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Suffolk sculptor references role of Millicent Fawcett in celebration of gender roles at Easter exhibition

PUBLISHED: 18:21 13 April 2017 | UPDATED: 09:35 20 April 2017

Sculptor Caroline Mackenzie, right, and foundry-woman Sarah Pirkis with the seven foot bronze sculpture that will be on display this Easter. Picture: ANDREW HIRST

Sculptor Caroline Mackenzie, right, and foundry-woman Sarah Pirkis with the seven foot bronze sculpture that will be on display this Easter. Picture: ANDREW HIRST

Archant

A Suffolk sculptor is showcasing her “celebration of changing gender roles” in a garden exhibition this Easter.

Sculptor Caroline Mackenzie with her Sculptor Caroline Mackenzie with her "Father and Daughter" sculpture. Picture: ANDREW HIRST

Caroline Mackenzie hopes her work can highlight the advances in gender equality, but also the significant under-representation of female artists, particularly sculptors, that still exists in major galleries.

The centrepiece of her exhibition, which is in Snape on Easter Monday, is a seven foot bronze sculpture, “Wisdom Leaps Down”, featuring interconnected male and female forms.

Addressing gender imbalances, this sculpture has been cast by Sarah Pirkis at her foundry in Brandeston.

Caroline first made the sculpture in plaster, which Sarah then cast in bronze, in a process that has taken since July to complete.

Sculptor Caroline Mackenzie with her 'Female Quaternity' . Picture: ANDREW HIRST Sculptor Caroline Mackenzie with her 'Female Quaternity' . Picture: ANDREW HIRST

Shushila Zeitlyn, who Caroline knows through shared experiences in India, asked to exhibit it in her Suffolk garden, so people could see the sculpture before it is sent to Scotland next month.

Other sculptures on show include a ‘Female Quaternity’, ‘Father and Daughter’ as well as smaller versions of ‘Wisdom Leaps Down’. “I am trying to add something to the symbolism of gender roles and open up new possibilities about how the genders relate to each other,” said Caroline.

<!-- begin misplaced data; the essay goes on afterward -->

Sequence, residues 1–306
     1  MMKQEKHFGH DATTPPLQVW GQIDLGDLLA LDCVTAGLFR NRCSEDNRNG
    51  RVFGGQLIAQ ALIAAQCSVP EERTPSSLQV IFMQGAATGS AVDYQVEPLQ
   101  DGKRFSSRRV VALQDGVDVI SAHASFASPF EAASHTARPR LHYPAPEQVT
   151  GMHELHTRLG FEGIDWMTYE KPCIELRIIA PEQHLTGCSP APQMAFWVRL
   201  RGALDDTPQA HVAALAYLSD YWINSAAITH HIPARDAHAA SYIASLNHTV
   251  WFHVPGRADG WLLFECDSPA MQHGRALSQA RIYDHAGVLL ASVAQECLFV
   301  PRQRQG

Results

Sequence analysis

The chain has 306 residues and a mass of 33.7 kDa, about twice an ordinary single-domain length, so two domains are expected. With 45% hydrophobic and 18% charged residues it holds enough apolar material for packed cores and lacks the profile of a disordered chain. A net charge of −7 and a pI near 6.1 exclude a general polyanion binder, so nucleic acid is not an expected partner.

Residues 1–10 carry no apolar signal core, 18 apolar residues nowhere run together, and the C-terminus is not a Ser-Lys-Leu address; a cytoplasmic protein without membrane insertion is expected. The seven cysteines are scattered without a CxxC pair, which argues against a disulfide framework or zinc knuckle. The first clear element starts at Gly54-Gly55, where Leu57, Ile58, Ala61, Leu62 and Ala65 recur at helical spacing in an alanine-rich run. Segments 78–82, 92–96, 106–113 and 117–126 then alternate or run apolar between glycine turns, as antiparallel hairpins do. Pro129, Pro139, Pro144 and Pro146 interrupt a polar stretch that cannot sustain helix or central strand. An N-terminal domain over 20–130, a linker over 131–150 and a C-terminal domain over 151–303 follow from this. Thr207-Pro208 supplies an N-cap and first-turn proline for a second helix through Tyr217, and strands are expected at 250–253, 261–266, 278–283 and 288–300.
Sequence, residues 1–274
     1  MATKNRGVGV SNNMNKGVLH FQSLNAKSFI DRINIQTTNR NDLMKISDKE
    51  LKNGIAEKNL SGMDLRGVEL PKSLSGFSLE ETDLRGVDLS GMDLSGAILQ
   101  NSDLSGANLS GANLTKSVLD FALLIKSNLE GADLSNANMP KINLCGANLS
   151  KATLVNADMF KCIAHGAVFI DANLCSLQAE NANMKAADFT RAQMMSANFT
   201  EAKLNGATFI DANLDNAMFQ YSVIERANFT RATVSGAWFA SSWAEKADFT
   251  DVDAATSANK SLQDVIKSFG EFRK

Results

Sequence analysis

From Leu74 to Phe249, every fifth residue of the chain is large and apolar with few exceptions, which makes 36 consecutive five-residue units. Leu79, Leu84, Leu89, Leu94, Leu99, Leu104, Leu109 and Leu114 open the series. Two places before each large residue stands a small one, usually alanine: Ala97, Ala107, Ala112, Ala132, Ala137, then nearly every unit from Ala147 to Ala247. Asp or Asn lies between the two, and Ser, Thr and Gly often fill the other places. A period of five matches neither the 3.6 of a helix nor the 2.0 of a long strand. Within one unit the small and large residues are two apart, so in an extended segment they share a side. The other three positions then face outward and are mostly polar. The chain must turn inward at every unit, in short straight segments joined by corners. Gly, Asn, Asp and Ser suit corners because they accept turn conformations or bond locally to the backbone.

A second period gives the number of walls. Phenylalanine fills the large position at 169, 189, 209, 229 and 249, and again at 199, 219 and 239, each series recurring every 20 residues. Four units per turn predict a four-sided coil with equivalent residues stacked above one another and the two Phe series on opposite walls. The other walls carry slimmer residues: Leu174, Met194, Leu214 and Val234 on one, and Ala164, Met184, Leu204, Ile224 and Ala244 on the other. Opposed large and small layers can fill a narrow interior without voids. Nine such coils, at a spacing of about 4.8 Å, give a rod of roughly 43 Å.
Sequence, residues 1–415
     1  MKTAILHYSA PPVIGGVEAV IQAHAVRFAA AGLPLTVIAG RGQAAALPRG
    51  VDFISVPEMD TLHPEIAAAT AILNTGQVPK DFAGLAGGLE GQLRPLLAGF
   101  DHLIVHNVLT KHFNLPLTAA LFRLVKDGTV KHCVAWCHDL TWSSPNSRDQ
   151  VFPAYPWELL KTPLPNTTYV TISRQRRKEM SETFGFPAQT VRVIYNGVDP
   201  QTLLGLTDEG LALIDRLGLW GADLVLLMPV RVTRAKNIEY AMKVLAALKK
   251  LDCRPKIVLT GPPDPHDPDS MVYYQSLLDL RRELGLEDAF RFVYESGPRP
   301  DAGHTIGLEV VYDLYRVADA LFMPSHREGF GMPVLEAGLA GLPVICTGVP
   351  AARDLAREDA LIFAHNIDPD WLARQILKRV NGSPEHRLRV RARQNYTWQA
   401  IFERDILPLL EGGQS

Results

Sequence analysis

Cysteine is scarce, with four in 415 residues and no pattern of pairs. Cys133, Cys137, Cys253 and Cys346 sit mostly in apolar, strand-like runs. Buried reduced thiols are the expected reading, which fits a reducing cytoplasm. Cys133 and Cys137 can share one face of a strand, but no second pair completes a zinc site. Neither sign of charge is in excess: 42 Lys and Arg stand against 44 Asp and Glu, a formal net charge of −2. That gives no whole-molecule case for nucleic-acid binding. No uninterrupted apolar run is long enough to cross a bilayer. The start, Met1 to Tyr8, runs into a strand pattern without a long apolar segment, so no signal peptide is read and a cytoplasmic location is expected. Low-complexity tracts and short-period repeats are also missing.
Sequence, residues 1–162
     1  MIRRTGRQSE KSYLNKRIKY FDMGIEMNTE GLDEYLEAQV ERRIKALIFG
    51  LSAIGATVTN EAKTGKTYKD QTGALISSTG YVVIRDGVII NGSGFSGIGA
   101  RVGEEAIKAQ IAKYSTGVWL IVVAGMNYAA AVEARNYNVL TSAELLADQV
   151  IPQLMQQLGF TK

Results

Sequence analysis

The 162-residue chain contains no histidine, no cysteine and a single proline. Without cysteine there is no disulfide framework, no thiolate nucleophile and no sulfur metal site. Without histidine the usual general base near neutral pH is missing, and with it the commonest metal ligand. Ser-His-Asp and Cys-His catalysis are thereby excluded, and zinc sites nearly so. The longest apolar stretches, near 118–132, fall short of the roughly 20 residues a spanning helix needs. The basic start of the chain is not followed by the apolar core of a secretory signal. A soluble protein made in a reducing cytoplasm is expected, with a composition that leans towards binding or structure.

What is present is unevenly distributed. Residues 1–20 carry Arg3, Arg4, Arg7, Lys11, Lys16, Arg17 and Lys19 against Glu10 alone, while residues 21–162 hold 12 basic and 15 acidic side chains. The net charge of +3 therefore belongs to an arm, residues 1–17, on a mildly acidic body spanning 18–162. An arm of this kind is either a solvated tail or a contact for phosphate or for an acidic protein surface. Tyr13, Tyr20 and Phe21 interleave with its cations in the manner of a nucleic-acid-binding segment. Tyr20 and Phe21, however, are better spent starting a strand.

The sculptor, who trained at St Martins School of Art and lives in Leiston, is keen to draw comparisons with the recent announcement that Millicent Fawcett, the suffragist who grew up in Suffolk, was to be honoured with a statue in Parliament Square.

“As women artists, Sarah and I are the inheritors of the privileges won by Millicent Fawcett and the suffragists,” she added.

“We are also faced with the difficulty of getting our work out into the public arena.”

Caroline met Sarah at Butley Mills Studios, where she was taking an apprenticeship to become one of the very few foundry-women in a male dominated arena. After training in fine art, she said she struggled to find a form that interested her, until she visited the studio.

“As soon as I walked through the door, it felt like I was at home,” she said.

“Everything about it was exciting - the industrial atmosphere, the dust, the noise.”

Monday’s exhibition runs from 2-6pm. The gardens are at Chagford, off Church Road, Snape. People are asked to RSVP via email or 01728 832044.

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